Michael Young of the Computer/Electronic Accommodations Program Technology & Evaluation Center spoke at NAVAIR’s National Disability Employment Awareness Month event Oct. 5 on the theme of “Computer/Electronic Accommodations Program: Support. Equip. Empower.”
HEADQUARTERS, NAVAL AIR SYSTEMS COMMAND, PATUXENT RIVER, Md. – NAVAIR has long known recruiting, retaining and promoting individuals with disabilities is a vital part of creating a strong, diverse workforce to meet the command’s mission.
October is National Disability Employment Awareness Month, and this year’s theme – “America’s Recovery: Powered by Inclusion” – serves as a reminder that inclusion needs to include hiring, promoting and retaining people with disabilities, said Michael Young, manager/assessment specialist of the Department of Defense’s Computer/Electronic Accommodations Program (CAPTEC).
Young spoke as part of a national NAVAIR event, held virtually Oct. 5, recognizing National Disability Employment Awareness Month.
“If individuals with disabilities are included, but our infrastructures are inaccessible, then no real progress has been made,” Young said.
That’s where CAPTEC, established in 1990, comes in. CAPTEC provides assistive technology and accommodations to support individuals with disabilities and wounded, ill and injured service members throughout the Department of Defense in accessing information and communication technology. That’s especially important in an increasingly digital world, Young added.
“Reasonable accommodations are a mandate and a requirement, but it’s also good business sense,” he said.
CAPTEC also reduces costs: Over the last five years, CAPTEC has saved the Department of the Navy $4.6 million. And, since fiscal year 2003, CAPTEC has provided more than 30,000 accommodations to Sailors, Marines and Navy civilians and saved more than $11 million.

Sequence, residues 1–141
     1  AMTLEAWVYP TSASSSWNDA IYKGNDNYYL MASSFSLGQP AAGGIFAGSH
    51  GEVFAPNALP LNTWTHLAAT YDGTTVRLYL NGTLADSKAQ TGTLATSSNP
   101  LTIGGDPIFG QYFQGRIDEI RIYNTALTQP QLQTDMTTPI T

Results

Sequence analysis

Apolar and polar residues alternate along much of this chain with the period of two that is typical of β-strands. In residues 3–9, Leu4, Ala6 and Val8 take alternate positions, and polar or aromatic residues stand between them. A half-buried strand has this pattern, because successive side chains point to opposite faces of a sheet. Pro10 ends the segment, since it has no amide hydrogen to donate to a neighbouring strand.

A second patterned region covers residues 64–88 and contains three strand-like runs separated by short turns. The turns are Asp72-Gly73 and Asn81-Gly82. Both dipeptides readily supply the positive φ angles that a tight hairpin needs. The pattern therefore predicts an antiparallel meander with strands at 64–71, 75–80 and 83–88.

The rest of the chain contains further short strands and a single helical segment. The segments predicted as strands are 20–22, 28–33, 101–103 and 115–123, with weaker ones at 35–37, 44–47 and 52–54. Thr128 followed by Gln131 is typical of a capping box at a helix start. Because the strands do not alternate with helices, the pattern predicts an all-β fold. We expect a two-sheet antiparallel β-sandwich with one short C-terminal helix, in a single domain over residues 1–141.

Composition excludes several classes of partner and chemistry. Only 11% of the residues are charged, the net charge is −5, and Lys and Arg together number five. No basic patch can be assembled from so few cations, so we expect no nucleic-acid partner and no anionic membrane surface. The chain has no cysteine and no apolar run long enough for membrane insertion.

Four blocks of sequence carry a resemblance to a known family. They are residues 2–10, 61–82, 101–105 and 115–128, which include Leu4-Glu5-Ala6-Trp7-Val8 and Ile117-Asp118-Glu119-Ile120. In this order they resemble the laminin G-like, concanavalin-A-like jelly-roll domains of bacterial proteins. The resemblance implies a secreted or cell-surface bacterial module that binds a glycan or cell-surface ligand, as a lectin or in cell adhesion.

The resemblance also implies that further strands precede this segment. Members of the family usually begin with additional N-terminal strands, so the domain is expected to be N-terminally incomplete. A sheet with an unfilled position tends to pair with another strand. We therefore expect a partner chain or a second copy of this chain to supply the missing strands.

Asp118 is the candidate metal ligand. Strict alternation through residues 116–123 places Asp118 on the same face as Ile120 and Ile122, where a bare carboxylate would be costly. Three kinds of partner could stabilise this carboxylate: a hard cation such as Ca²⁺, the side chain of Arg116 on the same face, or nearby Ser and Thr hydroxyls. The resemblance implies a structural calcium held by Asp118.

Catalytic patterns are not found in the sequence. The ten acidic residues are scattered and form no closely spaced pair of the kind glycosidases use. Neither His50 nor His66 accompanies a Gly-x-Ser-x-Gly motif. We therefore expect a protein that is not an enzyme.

Rear Adm. Joseph Hornbuckle, who kicked off the event, said CAPTEC helps NAVAIR eliminate productivity gaps by providing the tools employees need to work efficiently, regardless of their disability. These tools can include screen magnification, speech recognition software and video phones, among others. Once barriers to technology are eliminated, employees tend to be more productive and successful in their jobs.
Young, who has worked for CAPTEC for 21 years, has seen this firsthand.
“I have the greatest job in the world,” he said. He reflected on helping a survivor who was severely burned from the Sept. 11 attack on the Pentagon. “When I showed her how she could use her voice to use a computer, she physically grew and got happy and smiled. No matter the obstacle or obstacles, individuals with disabilities keep their eyes on the goal and have a plan A, B, C, and if needed, a plan X, Y, Z. They are masters at adaptation.”
“People with disabilities” is a diverse group that includes people with sensory, physical and mental conditions. People with disabilities cross lines of age, ethnicity, sex, race, sexual orientation and socioeconomic status. It is a group anyone can become a member of at any time. NAVAIR’s civilian workforce is comprised of 13.8% individuals with disabilities and 2% individuals with targeted disabilities.
“Many people don’t realize the population of people with disabilities and that any of us could join just like that through a car accident, aging, cancer or even a fall,” Young said, “but I want to concentrate on ability – what a person CAN do – not a disability.”
For more information on CAPTEC, visit www.cap.mil. For more information on NAVAIR’s individuals with disabilities hiring initiatives and education, visit https://jobs.navair.navy.mil/disabilitieshiring.